1.1 On 2 September 2019, the Centre for Policy Research organized a lecture on hate speech, with renowned journalist Mr. Salil Tripathi as the guest lecturer. In addition to his work as contributing editor for the Mint and Caravan, Mr. Tripathi has won many awards for his contributions in the fields of human rights. The lecture was attended by Tuhina Joshi, Associate and Rishwin Chandra Jethi, Associate at Ikigai Law. This blogpost provides our notes from the event.
2. Key points from the lecture
2.1 Hate-speech is a misunderstood term. People from countries like India, Philippines and Turkey use it as a catch-all phrase to disagree with what is being said.
2.2 In most States, laws put a restriction on the freedom of speech. There is a legitimate scope for restriction on speech. This does not mean that whatever one disagrees with needs to be censored.
2.3 In India, sections 153A and 295 of the Indian Penal Code, 1860 deal with speech which insults religious sentiments and promotes enmity between different groups.
2.4 These are colonial laws which can be used to prohibit the everyday acts of liking pages on social media, cartoons and other content on websites like Facebook if they are hurtful for certain groups.
2.5 A landmark example of the application of these laws is the case of Ramesh Prabhu Prabhakar Gupte where the courts reduced Bal Thackeray’s civil rights and banned him from voting and contesting elections for a while. This in turn made him more popular among the masses.
2.6 This is one of the reasons why hate speech should not be banned. Doing so makes it more popular, sensational and more likely to be shared and viewed. Censoring hate speech will only add decibels to it and may provide martyrdom to its proponents by those who follow them.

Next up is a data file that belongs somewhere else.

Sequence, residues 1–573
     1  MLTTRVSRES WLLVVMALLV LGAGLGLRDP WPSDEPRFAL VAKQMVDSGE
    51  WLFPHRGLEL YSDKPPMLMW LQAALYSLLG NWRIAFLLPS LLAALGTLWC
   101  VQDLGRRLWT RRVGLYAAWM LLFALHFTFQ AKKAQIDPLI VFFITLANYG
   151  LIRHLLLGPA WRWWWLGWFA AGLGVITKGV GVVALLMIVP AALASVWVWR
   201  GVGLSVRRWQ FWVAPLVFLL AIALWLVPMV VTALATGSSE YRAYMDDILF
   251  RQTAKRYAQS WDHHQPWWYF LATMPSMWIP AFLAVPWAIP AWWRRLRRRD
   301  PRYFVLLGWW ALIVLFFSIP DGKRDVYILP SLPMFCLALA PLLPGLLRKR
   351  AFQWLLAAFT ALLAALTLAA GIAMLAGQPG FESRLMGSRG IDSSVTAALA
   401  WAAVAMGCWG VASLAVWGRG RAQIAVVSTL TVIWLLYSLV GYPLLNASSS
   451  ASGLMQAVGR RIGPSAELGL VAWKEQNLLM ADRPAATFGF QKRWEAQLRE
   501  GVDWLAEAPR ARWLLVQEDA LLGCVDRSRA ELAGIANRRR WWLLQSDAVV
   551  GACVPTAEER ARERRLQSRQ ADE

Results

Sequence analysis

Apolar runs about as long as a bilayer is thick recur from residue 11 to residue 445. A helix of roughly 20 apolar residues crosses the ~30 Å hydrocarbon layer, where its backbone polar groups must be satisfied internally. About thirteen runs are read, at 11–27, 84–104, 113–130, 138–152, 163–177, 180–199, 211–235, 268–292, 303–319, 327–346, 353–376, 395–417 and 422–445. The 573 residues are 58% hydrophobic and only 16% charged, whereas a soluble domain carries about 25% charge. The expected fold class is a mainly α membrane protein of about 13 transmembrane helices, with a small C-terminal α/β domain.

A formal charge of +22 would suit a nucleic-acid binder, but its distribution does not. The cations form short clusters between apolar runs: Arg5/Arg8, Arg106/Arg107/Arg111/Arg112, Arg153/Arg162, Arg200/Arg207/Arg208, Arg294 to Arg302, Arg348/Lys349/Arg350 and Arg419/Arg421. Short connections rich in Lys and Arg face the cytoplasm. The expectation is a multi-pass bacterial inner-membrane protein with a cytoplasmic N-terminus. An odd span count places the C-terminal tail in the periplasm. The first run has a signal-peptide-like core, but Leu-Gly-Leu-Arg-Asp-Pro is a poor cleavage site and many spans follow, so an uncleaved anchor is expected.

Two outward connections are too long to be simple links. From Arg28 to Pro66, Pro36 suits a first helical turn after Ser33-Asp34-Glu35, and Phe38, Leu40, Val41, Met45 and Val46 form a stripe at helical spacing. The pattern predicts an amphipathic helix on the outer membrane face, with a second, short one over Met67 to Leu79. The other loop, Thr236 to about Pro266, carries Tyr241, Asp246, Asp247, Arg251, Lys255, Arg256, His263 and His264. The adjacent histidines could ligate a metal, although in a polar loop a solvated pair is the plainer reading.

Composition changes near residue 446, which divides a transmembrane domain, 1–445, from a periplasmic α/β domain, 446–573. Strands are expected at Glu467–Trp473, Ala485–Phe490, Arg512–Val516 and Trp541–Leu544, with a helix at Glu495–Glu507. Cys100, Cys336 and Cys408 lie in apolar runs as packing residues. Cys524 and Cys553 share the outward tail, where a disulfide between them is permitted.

2.7 Susan Benesch calls for the need to create a distinction between hate speech and dangerous speech. Hate speech is critical of a particular faith, idea, religion, caste and race, among other identifiers. Dangerous speech takes it a notch higher, by inciting and promoting violence based on the generalization of hate speech. There is an element of clear and imminent violence against a particular community in dangerous speech. Unless there is a direct provocation of violence or imminent fear, it is hateful speech.
2.8 There are the 6 ingredients of dangerous speech:
2.8.1 The speaker is an influential orator who is popular amongst the people he is addressing;
2.8.2 The audience is susceptible to being swayed easily;
2.8.3 The speech provokes violence against a particular community and instills fear;
2.8.4 The speech is based on a grievance or a sense of loss (typically of pride or rights) that the audience can relate to;
2.8.5 The speech touches upon the concept of purity (typically ethnic or racial) and the idea of outsiders disturbing the balance of society; and
2.8.6 The speech uses coded language to communicate an idea or dehumanize the ‘other’ community.
2.9 Banning dangerous speech is not the solution to countering it, since that only increases its popularity. Instead, dangerous speech can be delegitimized by countering it with facts, civility and other tactics to defuse tension.
2.10 An example of counter-speech is the Iranian government’s response to a series of Danish cartoons which were critical of Islam. Most other Islamic governments responded in a disproportionate manner and put trade restrictions on Denmark, promoted violence and assault against the cartoonists, and threatened their lives. The government of Iran on the other hand launched their own series of cartoons in return against Christians and Jews.
2.11 As for the law, while it should be used against people who use dangerous speech and bring it to the national discourse, the fact is that those who actually employ dangerous speech with terrible consequences (i.e., parliamentarians, ministers and other political representatives) go scot-free. This shows that it is actually the underlying power dynamics between different groups of people that allows dangerous speech to propagate. That being said, the Supreme Court of India must have a re-look at Article 19 of the Constitution of India and acknowledge the difference between hate speech and ‘dangerous speech’.
This post is authored by Rishwin Chandra Jethi, Associate with inputs from Tuhina Joshi, Associate at Ikigai Law.